Conflict is a constant in this world; it has intellectual, physical, and indeed metaphysical dimensions. Authors who distill life experiences – and past archives of pragmatic principial knowledge – in the arena of conflict for the benefit of one audience may be extremely useful reading. Books are tools and potentially weapons, take for example Curzio Malaparte‘s old book on the Coup. Businesspeople, students, and intellectuals alike can find useful principles, for managing their own fields’ conflicts, in books more narrowly dedicated to Political, Memetic, or Armed Conflict
Aristotle once said ; the mark of an educated person is the ability to entertain an idea without agreeing with it. Doubtlessly there are some people out there who would regard that as devil’s speak. I don’t think we need bother with them, because while they are usually sincere, and quite nice, they also can be inveterate idiots.
Being able to read and consider books by people you disagree with, or hate, is a nifty and useful skill. It’s not just a cliche that you can learn something from everyone, if you doubt this then you haven’t looked far enough. “Educated” need not mean well schooled or credentialed. There are erudite high school drop-outs, tremendously self taught, well read, and self motivated. People with humble formal educational accomplishments who made themselves, by will and motivation, more educated than some University graduates. What is important is the mindset you bring to seeking knowledge, and whether you are or are not a life-long learner. Formal credentials, in our society, are vital to being our being taken seriously by others, and considered a credentialed and qualified commentator on things. However this is how others see you, not how you see yourself. Knowledge is power, and you can leverage it to your benefit.
So here are 5 principle quotes from leftist organizer Saul Alinsky, that can be useful to anyone in a sphere of conflict, irrespective of politics, and may even have some usefulness in the world of business, or love and romance, or family life. Only your imagination can limit how you understand principles. With these 5, here also are some practical examples from history you may not have seen referenced..
1. “It does not matter what you know about anything if you cannot communicate to your people. In that event you are not even a failure. You’re just not there.”
It’s attributed to Mao Tse Tung that he was more afraid of a man with an idea and words to communicate it, than a gun. I haven’t found a source of this quote, but the sentiment rings true, and if he did say it it only further confirms his intellect.
Now someone with an idea or vision is better than one without. But someone with an idea and vision, which can be communicated – synthesized and understood not only internally but to the point of being able to be conveyed, in an adequate way, by speech or text that’s appropriate to one’s desired audience, such a one wields immense potential power.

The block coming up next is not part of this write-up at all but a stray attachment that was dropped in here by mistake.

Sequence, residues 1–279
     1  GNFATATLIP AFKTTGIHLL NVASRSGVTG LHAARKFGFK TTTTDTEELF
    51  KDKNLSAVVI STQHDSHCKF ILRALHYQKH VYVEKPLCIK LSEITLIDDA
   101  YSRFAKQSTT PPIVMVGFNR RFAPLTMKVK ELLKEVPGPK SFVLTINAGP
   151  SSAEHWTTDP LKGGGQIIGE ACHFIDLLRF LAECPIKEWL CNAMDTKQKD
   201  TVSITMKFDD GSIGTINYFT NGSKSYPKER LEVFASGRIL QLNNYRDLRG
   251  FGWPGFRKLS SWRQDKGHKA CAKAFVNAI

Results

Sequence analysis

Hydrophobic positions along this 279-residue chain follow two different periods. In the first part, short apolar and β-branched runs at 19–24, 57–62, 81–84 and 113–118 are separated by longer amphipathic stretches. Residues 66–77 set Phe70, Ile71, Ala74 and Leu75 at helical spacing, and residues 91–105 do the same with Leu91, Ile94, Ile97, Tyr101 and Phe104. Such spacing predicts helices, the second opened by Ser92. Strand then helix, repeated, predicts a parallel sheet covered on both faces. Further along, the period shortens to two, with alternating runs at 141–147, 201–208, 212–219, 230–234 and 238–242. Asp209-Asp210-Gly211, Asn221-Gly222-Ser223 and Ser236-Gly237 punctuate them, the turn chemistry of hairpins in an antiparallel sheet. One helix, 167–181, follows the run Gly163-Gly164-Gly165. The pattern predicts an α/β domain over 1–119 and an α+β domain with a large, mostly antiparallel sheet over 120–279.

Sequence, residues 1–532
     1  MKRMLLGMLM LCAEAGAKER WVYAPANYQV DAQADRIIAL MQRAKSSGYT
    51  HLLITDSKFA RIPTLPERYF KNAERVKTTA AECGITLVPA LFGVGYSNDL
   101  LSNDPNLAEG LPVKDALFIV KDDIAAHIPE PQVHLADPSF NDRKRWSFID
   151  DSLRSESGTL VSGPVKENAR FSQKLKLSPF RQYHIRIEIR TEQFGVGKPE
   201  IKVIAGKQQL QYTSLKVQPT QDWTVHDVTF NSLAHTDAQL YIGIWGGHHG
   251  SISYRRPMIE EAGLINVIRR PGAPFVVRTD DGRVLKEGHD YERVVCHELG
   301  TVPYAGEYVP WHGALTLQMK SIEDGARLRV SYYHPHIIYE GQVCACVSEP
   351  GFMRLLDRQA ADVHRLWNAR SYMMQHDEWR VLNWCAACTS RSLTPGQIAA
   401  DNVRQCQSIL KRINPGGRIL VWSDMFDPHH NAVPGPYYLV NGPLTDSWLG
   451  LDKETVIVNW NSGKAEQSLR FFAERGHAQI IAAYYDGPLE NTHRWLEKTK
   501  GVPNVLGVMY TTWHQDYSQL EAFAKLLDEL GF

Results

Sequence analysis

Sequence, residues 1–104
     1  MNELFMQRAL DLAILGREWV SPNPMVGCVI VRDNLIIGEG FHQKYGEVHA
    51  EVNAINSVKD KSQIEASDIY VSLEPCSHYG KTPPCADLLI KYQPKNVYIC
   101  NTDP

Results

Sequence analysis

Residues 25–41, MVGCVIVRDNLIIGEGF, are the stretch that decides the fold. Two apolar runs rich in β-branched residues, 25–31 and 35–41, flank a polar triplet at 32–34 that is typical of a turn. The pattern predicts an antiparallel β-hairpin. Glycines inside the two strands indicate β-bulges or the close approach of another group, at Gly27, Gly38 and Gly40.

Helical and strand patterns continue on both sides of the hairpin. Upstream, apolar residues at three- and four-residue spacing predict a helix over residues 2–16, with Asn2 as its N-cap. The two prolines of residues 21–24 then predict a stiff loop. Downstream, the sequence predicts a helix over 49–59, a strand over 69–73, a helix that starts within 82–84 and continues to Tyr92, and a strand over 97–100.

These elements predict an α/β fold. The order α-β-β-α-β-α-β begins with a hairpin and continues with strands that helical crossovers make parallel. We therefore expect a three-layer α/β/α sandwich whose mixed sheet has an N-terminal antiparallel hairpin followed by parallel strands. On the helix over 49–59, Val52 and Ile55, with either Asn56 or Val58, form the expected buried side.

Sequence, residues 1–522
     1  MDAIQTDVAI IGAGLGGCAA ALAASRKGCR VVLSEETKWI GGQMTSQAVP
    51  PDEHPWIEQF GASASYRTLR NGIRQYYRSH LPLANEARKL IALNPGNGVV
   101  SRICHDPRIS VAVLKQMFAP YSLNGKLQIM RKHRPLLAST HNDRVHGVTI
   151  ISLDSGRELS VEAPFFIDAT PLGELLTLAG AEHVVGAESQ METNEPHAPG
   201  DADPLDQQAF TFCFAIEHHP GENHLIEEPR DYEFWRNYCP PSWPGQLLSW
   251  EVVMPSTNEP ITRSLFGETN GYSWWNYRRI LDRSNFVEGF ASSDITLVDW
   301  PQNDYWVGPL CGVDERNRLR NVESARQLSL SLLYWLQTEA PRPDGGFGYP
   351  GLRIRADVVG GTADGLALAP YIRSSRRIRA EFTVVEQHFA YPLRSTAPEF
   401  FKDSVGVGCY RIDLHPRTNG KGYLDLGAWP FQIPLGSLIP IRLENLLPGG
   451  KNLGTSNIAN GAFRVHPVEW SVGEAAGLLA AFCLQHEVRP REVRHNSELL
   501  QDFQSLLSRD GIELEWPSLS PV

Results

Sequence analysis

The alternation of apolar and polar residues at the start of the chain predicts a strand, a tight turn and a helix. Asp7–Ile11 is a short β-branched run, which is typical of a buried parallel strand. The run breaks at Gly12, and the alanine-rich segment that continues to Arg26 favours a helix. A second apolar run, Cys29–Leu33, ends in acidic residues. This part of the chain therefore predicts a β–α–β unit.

Once you can communicate to your audience, articulate, and explain ideas – you have a toolset of immense power, if you only realized it..
Thomas S. Szasz. psychiatrist and humanist once stated:
“The struggle for definition is veritably the struggle for life itself. In the typical Western two men fight desperately for the possession of a gun that has been thrown to the ground: whoever reaches the weapon first shoots and lives; his adversary is shot and dies. In ordinary life, the struggle is not for guns but for words; whoever first defines the situation is the victor; his adversary, the victim…
[the one] who first seizes the word imposes reality on the other.. who defines thus dominates and lives.. ..who is defined is subjugated and may be killed.”
So, say you have knowledge, but you can’t convey it to others by putting it in words. Then it’s only of use to yourself privately, and even then it can’t be of much use to you, because until you can put it in words you really don’t fully understand it – you just think that you do. You may have an intuitive feeling for it and partial understanding, but not full. If your aim is to influence external events and change affairs, then you simply aren’t even on the ball court. Period, you are sitting on the bench on the side lines.
To be a player, you have to have a ball, the ball is your words joined to your ideas. To get your ball on court you have to be able to master the word.
In the movie The Book of Eli, Oldmeadow’s character, a local boss in a post-apocalyptic world, has an obsessive concern with stealing a book from Eli, the reason is his concern with “the word.”
“It’s not a fucking book! It’s a weapon. A weapon aimed right at the hearts and minds of the weak and the desperate. It will give us control of them. If we want to rule more than one small, fucking town, we have to have it. People will come from all over, they’ll do exactly what I tell ‘em if the words are from the book. It’s happened before and it’ll happen again. All we need is that book.”
Now the book here it’s the King James Bible.